Robotics professor’s new book examines science behind superheroes. by Kenji Miyazaki via ashi.com
FUKUOKA–In the world of comic books, Batman may be able to soar through the night sky with the help of his batwing cape, but he couldn’t land. That’s a scientific fact, according to a recent book written by a professor of robotics engineering at the Fukuoka Institute of Technology.
Hitoshi Kino’s “Batman wa Toberuga Chakuchi Dekinai” (Batman can glide, but he can’t land) was published in April by Saizusha Corp. The book assesses the science and physics behind superheroes such as Batman, Kamen Rider and Saint Seiya.
Born in Iwata, Shizuoka Prefecture, Kino grew up watching TV shows such as “Mobile Suit Gundam,” a popular giant robot sci-fi anime. He knew what he wanted to do with his life when he came across a humanoid robot at Expo ’85, an international scientific expo held in Tsukuba, Ibaraki Prefecture.
Kino became a lecturer on robotics at the Fukuoka Institute of Technology in 2001 and a professor in 2011. He never forgets to mention anime and live-action superhero shows in his lectures, whenever he has the opportunity.
“Batman wa Toberuga Chakuchi Dekinai” was inspired by an earlier work in which Kino was a contributor. He had analyzed the science behind anime robots such as Mazinger Z and Gundam in “Ano Super Robot wa Do Ugoku” (How do those super robots move), a book on robotic control written by several authors four years ago.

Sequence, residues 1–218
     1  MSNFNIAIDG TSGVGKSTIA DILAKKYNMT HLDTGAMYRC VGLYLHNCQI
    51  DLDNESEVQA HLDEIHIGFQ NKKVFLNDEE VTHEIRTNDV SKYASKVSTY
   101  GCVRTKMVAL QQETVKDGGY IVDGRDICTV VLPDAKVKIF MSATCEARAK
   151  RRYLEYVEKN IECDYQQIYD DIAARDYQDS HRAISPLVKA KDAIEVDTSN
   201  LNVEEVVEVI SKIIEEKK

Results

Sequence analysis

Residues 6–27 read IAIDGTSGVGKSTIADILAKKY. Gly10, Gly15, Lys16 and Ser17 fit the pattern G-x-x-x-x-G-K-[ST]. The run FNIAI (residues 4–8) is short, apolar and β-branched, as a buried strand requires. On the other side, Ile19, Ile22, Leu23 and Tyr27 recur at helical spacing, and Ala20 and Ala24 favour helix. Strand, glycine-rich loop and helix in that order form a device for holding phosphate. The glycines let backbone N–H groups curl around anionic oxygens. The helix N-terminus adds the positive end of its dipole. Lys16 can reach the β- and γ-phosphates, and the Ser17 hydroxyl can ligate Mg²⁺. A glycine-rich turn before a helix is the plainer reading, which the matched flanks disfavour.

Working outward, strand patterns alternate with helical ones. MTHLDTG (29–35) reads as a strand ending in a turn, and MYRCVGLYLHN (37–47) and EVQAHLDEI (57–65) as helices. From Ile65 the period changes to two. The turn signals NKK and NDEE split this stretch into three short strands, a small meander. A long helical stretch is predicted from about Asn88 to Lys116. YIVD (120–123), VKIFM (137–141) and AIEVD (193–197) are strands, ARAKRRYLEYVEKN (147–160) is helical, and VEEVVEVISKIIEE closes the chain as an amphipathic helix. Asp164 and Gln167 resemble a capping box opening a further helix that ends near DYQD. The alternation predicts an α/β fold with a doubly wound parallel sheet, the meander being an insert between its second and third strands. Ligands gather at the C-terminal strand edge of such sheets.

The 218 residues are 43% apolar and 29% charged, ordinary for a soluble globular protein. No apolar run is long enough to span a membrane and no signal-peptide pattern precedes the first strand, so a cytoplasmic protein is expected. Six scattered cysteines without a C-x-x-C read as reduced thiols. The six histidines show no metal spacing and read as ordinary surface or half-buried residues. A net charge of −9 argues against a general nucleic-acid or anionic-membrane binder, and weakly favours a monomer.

Kino’s newest book is divided into 12 chapters. The material gets increasingly complicated as the analysis and observations progress further, but Kino’s concise expressions and sense of humor make for a fun read.
“(The book is) a combination of academics and trivia,” Kino says.
In the chapter on Kamen Rider, Kino assess the difference in the damage caused by a standard “Rider Kick” and the more powerful “Rider Manji Kick” that uses a gyrating motion before delivering the powerful kick. Kino presumes that many superheroes use gyrations in their signature moves because of the power unleashed by the tightly coiled movements.
He also aerodynamically analyzes the movement in which Batman’s cape allows him to glide and explains how Char’s Zaku, a predominant enemy robot in “Mobile Suit Gundam,” can move so fast with the law of action-reaction.
“Rather than saying ‘That’s not possible,’ I wanted to write with a perspective saying, ‘They must be utilizing this sort of scientific phenomenon,’ ” Kino says. “I hope the readers can find science closer to them than before by reading this book.”
“Batman wa Toberuga Chakuchi Dekinai” sells for 1,296 yen ($12), including tax.
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